Consumer Product Safety Improvement Act

Below you will find information on Printing Industries' Government Advocacy involvement and background information on the Consumer Product Safety Improvement Act of 2008.


On August 14, 2008, President Bush signed into law the Consumer Product Safety Improvement Act of 2008. The legislation, in large part a response to high-profile recalls of both imported and domestically produced children’s toys and products, greatly expands the authority of the Consumer Product Safety Commission (CPSC) and regulates potentially hazardous children’s products, among other things. Specifically, the Act establishes lead and phthalate (e.g., plasticizers that could be found in inks, coatings, and adhesives) content limits and requires testing and certifying of products to ensure they do not exceed these limits. These new regulations include children’s books and other printed materials as products subject to the new limits and testing requirements. Lead and phthalate limits and testing requirements went into effect February 10, 2011.

On August 12, 2011, President Obama signed into law the House of Representatives Bill 2715 (H.R. 2715). The bill’s passage was the culmination of more than two years of effort by the Printing Industries of America and a coalition of other key printing groups before the Consumer Product Safety Commission and in the halls of Congress. Considerable resources were dedicated to providing environmental data, explaining print manufacturing processes, and urging lawmakers to take action to undo or reduce the unintended consequences of the original law passed in 2008.

The bill provided much-needed flexibility and discretion to the Consumer Product Safety Commission to implement this law, and most importantly it excludes all paper-based printed materials and most children’s books from onerous third-party testing and certification requirements now in place for any and all products marketed to children 12 years of age or younger. While all children’s manufactured products received a measure of general relief from CPSIA, “ordinary books” and “paper-based printed materials” (see legislative definition below) were one of only two product categories to gain an exclusion from the environmental and consumer regulation. Youth all-terrain vehicles/bicycles composed the other category.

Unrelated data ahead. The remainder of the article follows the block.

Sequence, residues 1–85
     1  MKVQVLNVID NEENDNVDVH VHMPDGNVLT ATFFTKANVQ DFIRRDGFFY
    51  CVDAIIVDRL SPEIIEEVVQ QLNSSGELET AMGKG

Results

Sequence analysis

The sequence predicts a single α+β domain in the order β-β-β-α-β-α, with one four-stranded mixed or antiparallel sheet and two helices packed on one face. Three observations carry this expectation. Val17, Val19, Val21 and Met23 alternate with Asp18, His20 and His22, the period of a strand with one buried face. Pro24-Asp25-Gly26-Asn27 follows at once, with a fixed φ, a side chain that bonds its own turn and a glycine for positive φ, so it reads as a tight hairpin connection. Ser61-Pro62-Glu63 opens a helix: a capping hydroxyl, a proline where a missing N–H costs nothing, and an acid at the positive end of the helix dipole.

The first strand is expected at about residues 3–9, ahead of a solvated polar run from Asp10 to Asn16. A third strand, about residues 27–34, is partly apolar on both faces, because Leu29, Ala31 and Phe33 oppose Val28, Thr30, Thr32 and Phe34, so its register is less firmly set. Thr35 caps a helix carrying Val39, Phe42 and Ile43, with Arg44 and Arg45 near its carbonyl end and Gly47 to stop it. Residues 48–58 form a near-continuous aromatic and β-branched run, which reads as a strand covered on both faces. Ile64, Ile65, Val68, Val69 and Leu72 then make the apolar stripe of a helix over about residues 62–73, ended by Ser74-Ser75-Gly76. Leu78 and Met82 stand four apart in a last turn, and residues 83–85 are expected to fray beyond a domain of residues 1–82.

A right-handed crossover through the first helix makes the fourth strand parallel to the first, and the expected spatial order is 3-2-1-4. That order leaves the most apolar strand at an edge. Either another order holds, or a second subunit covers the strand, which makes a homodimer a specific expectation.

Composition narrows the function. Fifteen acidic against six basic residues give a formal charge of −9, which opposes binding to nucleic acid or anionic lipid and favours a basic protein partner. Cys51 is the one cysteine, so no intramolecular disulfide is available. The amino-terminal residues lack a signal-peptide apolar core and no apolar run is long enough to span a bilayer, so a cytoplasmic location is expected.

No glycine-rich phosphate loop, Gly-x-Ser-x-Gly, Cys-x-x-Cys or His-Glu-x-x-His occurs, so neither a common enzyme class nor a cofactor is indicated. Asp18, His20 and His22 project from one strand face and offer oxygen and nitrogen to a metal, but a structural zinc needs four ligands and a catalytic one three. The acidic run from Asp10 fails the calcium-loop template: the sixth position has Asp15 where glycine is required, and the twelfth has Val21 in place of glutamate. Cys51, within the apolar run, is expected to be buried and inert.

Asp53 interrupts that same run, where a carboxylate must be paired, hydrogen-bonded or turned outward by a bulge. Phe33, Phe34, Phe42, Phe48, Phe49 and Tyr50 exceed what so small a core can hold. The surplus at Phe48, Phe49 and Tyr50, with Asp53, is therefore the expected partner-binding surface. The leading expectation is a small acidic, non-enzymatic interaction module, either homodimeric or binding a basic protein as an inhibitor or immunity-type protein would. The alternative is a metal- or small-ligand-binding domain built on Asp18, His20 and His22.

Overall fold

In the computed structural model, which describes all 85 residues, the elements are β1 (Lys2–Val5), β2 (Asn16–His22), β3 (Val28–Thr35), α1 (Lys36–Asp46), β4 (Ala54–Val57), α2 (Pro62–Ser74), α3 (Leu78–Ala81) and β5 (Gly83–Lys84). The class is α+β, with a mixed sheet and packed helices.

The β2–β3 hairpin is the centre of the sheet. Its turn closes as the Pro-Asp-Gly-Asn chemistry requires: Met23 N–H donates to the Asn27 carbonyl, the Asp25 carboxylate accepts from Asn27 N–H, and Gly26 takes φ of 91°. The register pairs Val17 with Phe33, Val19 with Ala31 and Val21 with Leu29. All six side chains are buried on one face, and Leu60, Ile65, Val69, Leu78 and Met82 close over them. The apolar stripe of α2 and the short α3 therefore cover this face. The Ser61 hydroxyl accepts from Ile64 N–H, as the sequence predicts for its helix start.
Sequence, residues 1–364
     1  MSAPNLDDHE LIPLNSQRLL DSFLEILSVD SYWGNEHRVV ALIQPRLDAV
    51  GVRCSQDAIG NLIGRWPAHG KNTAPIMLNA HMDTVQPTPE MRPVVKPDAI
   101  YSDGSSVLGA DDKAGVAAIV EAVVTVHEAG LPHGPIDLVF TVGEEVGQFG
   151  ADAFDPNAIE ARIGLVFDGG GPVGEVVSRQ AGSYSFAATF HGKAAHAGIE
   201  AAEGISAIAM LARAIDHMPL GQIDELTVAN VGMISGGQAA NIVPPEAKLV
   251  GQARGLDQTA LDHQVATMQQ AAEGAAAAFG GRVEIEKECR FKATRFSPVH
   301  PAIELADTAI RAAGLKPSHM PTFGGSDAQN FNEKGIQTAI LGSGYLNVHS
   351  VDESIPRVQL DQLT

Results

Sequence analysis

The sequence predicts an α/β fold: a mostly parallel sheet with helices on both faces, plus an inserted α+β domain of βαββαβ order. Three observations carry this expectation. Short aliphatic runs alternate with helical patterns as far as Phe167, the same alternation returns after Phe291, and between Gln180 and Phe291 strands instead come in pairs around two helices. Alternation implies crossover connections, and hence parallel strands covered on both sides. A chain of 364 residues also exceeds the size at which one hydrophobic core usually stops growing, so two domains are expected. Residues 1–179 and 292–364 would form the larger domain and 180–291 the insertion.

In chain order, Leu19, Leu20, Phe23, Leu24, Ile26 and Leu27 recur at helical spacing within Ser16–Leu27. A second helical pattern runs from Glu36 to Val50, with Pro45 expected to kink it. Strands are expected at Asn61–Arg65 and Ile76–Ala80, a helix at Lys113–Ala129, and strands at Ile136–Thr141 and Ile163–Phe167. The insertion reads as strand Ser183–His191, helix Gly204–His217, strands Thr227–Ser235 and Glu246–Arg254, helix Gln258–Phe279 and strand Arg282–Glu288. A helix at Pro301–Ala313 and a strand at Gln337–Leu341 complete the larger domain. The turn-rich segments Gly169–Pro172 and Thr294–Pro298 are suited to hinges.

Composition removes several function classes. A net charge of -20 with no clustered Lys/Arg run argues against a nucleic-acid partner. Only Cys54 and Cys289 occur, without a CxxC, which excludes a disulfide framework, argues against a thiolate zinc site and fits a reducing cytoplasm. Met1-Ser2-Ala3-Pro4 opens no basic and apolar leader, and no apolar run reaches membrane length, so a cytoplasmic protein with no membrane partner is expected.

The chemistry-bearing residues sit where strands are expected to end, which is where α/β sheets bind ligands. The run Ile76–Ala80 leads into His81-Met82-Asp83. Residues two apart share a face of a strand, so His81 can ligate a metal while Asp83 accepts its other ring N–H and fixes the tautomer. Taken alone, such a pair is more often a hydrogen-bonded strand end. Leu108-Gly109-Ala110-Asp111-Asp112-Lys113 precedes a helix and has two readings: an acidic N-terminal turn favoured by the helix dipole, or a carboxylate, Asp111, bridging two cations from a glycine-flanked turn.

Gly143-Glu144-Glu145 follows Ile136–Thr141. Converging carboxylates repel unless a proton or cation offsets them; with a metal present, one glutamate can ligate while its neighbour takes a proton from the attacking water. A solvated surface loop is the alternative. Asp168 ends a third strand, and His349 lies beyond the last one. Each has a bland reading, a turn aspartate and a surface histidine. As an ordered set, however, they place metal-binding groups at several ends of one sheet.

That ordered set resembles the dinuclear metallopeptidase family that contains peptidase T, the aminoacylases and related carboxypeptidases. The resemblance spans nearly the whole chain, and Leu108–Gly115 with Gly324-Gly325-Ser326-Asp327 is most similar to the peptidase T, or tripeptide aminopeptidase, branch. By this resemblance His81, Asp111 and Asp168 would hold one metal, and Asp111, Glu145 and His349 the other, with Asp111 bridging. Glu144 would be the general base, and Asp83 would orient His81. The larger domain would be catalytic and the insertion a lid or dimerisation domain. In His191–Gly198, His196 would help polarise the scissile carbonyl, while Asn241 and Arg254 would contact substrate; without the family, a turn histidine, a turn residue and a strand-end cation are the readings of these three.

In addition to the changes brought by H.R. 2715, CPSC has provided for exemptions from testing and certification for certain component materials, and two testing rules addressing component testing and product testing have been issued in final form. Since the stay on all testing and certification has been lifted, products that require third-party testing and certification must be done prior to them being distributed in commerce. The name of the required certificate was revised with the product testing rule and is now identified as a Children’s Product Certification (CPC).

Printing Industries of America Position
Printing Industries of America commends the general intent of the Act and hopes that it leads to increased consumer safety for children. Printing Industries of America also is concerned that the Act will impact negatively the production and use of books and other printed material and believes urgent action to exempt ordinary books and printed material is needed to avoid confusion and devastation in the printing, publishing and retail marketplace.

111th Congress and Obama Administration
Printing Industries of America is working with allies in the publishing industry to make the case for the safety of printed materials before the CPSC and Congress. Key legislators, including House Energy and Commerce Chairman Henry Waxman (D-CA) have been critical of the CPSC’s process for implementing the legislation, calling for more clarity and timeliness in the regulatory process. Waxman, however, has been reluctant to modify the law to offer exemptions for printed products. The CPSC has requested, and Printing Industries of America has provided, test date to help determine whether children’s books and other printed materials should be granted an exemption to the CPSIA.

Key Committees: Senate Commerce; House Energy and Commerce

Printer's Guidance

  • For information on meeting the requirements of the CPSIA, please visit the Environmental, Health, and Safety Department's CPSIA Compliance page.

Printing Industries’ Advocacy

Coalition Advocacy

Capitol Hill Advocacy

Policy & Research

Media Advocacy

Published on Tuesday, January 10, 2012 (updated 05/28/2014)

Contact Author

By submitting this form, you accept the Mollom privacy policy.
view counter
view counter
view counter